Interest groups are a feature of American politics, but studies of their actual effect on issues has been relatively scarce. A 2008 study by the International Monetary Fund, “Do Interest Groups Affect U.S. Immigration Policy?” seeks to quantify if and how different groups influence policy.
The authors developed a model linking migration to the intensity of lobbying activities carried out by pro- and anti-immigration pressure groups and the effects on the number of visas issued. Overall, the study found that interest groups on both sides of the issue play significant roles in shaping migration across sectors. Findings include:
Barriers to immigration are higher in sectors where labor unions are more important. Conversely, barriers are lower in sectors where business lobbies are more active.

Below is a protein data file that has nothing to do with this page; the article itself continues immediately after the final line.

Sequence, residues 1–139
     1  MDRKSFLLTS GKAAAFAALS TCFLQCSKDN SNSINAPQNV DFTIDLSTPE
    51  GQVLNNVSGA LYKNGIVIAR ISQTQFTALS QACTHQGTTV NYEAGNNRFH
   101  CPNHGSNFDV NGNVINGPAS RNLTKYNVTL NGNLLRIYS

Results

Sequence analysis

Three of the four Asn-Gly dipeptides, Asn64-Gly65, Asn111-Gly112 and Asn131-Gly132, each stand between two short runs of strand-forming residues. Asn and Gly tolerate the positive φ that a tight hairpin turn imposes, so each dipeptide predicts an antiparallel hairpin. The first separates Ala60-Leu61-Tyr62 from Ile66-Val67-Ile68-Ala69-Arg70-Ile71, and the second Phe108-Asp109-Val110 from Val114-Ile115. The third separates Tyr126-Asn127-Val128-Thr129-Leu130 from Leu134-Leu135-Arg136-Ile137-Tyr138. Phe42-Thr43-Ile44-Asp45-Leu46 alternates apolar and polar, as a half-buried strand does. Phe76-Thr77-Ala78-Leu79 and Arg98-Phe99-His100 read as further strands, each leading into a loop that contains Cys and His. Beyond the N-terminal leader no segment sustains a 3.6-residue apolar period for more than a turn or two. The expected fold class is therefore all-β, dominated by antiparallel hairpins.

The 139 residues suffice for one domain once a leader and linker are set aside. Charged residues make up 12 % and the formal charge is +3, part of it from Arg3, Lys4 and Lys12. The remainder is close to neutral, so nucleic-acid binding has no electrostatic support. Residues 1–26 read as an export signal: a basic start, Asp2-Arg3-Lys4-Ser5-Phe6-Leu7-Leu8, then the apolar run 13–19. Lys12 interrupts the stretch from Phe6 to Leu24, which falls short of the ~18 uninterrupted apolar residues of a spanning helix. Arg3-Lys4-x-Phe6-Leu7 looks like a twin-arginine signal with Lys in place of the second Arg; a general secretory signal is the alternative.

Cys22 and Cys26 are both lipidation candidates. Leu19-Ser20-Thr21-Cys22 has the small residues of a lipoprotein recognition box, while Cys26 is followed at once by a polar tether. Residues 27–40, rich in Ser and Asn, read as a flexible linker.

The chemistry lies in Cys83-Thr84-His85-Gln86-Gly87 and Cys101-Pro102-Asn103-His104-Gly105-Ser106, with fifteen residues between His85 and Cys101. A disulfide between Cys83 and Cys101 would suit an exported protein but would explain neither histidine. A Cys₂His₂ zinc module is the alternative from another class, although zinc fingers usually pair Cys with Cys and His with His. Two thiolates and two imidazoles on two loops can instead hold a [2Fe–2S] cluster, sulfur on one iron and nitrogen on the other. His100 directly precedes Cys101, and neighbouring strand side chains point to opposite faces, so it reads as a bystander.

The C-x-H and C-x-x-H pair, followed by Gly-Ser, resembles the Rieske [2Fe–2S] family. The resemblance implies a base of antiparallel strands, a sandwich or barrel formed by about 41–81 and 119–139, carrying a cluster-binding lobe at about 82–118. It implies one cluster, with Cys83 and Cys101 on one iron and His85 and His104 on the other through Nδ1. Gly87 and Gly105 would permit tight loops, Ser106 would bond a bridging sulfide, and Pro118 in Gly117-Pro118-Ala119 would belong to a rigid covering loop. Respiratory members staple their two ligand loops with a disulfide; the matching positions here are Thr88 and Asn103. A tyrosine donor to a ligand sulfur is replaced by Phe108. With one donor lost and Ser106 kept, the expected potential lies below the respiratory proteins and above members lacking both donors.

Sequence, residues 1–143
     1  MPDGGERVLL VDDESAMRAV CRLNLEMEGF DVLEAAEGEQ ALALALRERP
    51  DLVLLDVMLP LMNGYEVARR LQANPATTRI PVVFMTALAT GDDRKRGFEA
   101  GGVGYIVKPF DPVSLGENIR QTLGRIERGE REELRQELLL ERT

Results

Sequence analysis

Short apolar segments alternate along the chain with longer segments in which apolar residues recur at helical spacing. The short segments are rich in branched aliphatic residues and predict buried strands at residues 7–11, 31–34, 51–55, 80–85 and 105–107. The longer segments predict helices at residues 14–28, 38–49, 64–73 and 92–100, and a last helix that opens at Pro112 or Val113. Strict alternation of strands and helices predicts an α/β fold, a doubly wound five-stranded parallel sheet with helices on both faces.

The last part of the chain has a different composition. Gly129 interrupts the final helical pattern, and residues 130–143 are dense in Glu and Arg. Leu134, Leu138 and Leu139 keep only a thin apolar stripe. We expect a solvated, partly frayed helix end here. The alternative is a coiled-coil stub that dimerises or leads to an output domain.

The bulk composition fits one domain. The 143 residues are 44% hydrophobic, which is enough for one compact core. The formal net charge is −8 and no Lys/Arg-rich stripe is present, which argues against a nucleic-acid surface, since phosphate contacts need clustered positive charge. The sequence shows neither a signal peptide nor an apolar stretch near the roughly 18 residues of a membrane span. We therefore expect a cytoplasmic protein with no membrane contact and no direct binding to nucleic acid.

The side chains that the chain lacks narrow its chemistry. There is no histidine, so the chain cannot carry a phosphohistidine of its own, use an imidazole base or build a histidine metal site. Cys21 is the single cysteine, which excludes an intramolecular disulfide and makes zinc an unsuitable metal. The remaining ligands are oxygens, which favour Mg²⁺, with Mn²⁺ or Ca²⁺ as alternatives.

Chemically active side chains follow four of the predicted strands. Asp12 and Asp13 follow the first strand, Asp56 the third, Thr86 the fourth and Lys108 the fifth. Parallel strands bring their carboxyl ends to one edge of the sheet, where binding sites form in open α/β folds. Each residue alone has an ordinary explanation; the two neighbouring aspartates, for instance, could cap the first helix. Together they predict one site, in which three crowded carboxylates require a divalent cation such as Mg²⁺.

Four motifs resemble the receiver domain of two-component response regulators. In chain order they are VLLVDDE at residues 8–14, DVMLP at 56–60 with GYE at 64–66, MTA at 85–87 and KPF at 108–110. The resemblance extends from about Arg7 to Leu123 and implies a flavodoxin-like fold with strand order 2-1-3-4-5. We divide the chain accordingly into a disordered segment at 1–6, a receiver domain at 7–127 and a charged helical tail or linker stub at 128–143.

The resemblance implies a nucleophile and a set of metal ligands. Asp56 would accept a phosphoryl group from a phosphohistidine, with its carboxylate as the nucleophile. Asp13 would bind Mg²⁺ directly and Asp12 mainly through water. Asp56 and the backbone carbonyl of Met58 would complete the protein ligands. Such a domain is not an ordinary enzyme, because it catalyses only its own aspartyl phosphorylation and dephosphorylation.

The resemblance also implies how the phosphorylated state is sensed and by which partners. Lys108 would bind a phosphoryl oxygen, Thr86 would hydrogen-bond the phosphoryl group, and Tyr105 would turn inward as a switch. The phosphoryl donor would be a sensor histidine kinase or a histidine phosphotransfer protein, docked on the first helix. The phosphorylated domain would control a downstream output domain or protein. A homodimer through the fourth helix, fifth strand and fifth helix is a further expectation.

A 10% increase in lobbying expenditures by business groups raises the number of visas by between 2.3% and 7.4%.
A 10% increase in union membership rate (assumed to be an effective measure of lobbying expenditures by labor groups) reduces the number of visas by between 2.6% and 10.4%.
The study’s authors also highlight the “visible” and “invisible” restrictions that can be used to manage access to the labor market. “Visible” restrictions take the form of quotas and caps; “invisible” restrictions include rules that regulate entry to selected professions (for example, in the medical sector) or complex employment procedures.